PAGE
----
Patterns can also picture the same concept in different but valid ways, akin to how a poet and a scientist try to describe the same sunset. We're not so much pealing an onion as we're turning a prism to reflect different aspects of the same essence. Our model isn't a jigsaw puzzle where we're looking for pieces to complete a picture that is the reality. Rather, it's more like a shattered mirror where each shard imperfectly reflects reality. In the section "rendering a solution", we see an example of this in design patterns numbers four through seven.




Using our notation, we'll see how patterns synergize to the Standardized Service Contract principle (SSCP) and the Service Discoverability principle (SDP). SSCP has 37 design patterns and SDP has four patterns including one pattern that it shares with SSCP.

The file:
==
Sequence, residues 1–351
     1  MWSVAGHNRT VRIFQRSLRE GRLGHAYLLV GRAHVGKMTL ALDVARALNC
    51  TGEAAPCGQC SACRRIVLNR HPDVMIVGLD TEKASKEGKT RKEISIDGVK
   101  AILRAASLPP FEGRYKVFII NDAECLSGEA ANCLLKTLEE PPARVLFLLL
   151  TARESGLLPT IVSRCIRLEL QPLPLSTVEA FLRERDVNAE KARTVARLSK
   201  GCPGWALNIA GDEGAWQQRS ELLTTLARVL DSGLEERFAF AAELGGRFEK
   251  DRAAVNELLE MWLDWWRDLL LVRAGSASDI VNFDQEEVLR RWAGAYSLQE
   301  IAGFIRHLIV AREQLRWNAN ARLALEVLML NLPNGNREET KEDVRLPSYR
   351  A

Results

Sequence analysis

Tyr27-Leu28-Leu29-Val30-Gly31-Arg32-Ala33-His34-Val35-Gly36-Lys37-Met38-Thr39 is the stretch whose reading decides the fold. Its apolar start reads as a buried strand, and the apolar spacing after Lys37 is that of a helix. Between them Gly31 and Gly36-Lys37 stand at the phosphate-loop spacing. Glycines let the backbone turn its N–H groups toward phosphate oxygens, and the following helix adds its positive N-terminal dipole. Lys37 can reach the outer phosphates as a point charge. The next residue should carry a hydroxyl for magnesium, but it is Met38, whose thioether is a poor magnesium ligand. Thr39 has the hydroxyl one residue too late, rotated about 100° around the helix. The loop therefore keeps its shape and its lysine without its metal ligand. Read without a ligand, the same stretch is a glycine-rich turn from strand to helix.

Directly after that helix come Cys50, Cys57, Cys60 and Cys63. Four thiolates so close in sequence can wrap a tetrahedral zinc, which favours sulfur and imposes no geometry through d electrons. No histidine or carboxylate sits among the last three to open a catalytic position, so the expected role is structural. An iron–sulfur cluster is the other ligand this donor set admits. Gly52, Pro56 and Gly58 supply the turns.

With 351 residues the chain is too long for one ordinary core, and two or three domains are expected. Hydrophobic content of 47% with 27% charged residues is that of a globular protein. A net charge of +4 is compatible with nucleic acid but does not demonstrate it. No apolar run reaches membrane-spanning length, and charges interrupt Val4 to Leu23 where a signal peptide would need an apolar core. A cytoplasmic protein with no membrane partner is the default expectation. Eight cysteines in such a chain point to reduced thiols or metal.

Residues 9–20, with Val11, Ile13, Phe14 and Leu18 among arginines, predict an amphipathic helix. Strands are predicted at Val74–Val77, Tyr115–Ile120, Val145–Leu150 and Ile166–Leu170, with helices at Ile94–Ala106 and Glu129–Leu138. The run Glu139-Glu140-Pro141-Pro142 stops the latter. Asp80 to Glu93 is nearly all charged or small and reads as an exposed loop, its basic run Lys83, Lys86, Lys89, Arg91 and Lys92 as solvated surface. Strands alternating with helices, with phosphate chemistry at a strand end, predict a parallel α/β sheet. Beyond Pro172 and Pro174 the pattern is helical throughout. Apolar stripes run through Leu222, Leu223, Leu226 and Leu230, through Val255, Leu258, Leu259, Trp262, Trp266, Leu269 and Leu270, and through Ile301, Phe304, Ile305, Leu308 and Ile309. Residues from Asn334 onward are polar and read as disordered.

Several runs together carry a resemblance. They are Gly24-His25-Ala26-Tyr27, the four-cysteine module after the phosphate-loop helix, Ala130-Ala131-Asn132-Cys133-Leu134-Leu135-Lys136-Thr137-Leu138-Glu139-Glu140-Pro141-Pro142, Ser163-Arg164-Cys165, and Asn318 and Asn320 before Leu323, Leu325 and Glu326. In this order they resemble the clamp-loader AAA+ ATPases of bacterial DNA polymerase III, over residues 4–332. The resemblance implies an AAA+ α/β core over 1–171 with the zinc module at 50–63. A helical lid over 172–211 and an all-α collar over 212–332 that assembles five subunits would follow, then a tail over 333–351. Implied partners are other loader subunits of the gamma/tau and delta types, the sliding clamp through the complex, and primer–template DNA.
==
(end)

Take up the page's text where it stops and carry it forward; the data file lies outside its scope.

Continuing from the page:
The Standardized Service Contract Principle

The Standardized Service Contract principle ensures that services "within the same service inventory are in compliance with the same contract design standards." Under this principle, we develop contracts before developing the service logic according to design standards within a service inventory. A service contract is the technical interface of a service. It has published documents that express meta information about a service that establish an interface into the functionality offered by the service's capabilities. Contract design standards shape the structure of WSDL, XML Schema, and WS-Policy definition documents that make up a Web service.



Figure 3 – Contract First Development.


We follow this process in using our notation to describe how we build a service contract:

  1. State the nouns: Developer, service contract, solution logic.
  2. State the verbs: Designs, imports, builds.
  3. Bind the parts to the whole.
  4. Write the sentences using nouns, verbs, and connectives that express the solution, as this example shows: